Floyd Mayweather, Paris Hilton and other celebrities endorsing ICOs have been warned the schemes could be illegal

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The recent flood of celebrity-endorsed initial coin offerings (ICOs) have drawn a rebuke from the US corporate regulator, which warned that such endorsements may be illegal.

In a statement issued overnight, the US Securities & Exchange Commission (SEC) said people should be wary of investments that sound “too good to be true”.

The regulator then took direct aim at the celebrity endorsement of ICOs, saying that such actions may be in breach of US securities law.

Celebrities including boxer Floyd Mayweather, Paris Hilton, and DJ Khaled have all recently used social media to promote ICOs.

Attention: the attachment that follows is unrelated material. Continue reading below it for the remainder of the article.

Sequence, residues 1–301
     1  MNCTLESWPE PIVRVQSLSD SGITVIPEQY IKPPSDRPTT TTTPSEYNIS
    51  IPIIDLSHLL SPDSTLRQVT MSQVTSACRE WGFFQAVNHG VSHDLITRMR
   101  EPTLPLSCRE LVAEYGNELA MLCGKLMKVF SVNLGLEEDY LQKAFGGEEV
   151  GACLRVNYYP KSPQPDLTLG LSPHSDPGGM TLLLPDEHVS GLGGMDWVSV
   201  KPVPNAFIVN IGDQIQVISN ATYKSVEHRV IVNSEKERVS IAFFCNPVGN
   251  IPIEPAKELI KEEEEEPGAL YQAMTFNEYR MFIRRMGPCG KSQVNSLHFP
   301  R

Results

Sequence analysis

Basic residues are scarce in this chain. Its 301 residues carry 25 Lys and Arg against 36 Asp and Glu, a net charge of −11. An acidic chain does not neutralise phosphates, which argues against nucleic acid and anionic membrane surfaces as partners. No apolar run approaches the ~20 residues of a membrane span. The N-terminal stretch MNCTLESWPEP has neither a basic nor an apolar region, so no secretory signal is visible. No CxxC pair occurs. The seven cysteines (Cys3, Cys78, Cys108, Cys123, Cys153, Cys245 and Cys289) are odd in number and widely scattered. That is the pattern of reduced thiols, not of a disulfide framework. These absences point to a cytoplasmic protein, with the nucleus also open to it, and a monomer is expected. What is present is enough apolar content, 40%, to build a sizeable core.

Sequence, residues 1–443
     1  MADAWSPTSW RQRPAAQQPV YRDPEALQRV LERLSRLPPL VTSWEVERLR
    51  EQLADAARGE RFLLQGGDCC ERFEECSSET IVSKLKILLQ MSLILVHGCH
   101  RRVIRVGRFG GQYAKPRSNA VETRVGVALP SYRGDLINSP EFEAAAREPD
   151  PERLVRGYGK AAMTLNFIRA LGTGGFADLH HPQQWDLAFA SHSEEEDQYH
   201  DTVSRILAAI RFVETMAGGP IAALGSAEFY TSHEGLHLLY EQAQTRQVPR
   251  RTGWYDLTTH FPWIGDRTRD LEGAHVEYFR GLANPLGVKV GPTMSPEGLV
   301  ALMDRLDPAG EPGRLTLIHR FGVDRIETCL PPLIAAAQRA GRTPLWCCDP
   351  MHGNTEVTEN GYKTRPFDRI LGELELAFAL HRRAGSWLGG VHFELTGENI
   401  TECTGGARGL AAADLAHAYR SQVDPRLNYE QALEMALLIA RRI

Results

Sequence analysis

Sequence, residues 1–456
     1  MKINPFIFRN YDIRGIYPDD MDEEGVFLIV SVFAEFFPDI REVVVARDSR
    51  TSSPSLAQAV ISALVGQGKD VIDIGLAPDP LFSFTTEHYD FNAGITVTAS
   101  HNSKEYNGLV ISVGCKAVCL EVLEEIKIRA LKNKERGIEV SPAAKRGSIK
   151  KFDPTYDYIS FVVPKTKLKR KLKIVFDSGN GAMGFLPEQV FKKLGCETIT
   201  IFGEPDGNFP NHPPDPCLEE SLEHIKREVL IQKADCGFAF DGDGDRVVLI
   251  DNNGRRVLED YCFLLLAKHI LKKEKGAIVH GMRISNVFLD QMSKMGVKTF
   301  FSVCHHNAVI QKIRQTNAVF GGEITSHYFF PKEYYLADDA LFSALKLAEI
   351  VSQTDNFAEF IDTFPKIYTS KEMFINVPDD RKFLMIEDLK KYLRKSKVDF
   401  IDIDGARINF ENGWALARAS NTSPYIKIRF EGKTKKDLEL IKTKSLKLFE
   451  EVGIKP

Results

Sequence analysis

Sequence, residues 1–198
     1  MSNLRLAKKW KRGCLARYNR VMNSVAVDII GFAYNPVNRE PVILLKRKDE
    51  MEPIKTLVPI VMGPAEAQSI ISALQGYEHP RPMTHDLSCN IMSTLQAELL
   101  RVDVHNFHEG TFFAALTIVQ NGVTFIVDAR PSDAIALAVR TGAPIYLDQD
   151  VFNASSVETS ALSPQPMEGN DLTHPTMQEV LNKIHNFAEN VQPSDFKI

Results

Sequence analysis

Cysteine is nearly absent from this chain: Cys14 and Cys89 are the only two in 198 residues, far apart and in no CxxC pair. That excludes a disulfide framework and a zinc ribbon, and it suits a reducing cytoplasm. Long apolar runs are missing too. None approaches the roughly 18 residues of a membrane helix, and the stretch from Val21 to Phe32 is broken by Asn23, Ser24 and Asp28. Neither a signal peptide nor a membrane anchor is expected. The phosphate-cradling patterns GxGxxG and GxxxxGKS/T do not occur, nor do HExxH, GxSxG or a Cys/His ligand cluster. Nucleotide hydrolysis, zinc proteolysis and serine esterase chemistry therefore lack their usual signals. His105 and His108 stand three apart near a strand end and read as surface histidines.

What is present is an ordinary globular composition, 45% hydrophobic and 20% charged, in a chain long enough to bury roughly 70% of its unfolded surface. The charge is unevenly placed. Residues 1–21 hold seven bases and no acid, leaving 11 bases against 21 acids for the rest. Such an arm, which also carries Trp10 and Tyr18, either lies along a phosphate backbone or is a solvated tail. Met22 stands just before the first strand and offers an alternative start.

Here’s a recent example by comedian and actor Kevin Hart.

The SEC didn’t name anyone in its statement.

The warning follows a recent appraisal of ICOs by the SEC, where it determined they may represent securities, and are therefore subject to stricter regulations..

“Any celebrity or other individual who promotes a virtual token or coin that is a security must disclose the nature, scope, and amount of compensation received in exchange for the promotion,” the SEC said.

“A failure to disclose this information is a violation of the anti-touting provisions of the federal securities laws.”

So far in 2017, around 270 ICOs have been issued raising more than $US2 billion and as a result, the industry is beginning to come under increasing regulatory oversight.

The SEC statement included a warning to potential investors in the new space.

“Investors should note that celebrity endorsements may appear unbiased, but instead may be part of a paid promotion. Investment decisions should not be based solely on an endorsement by a promoter or other individual,” the SEC said.

“The SEC will continue to focus on these types of promotions to protect investors and to ensure compliance with the securities laws.”

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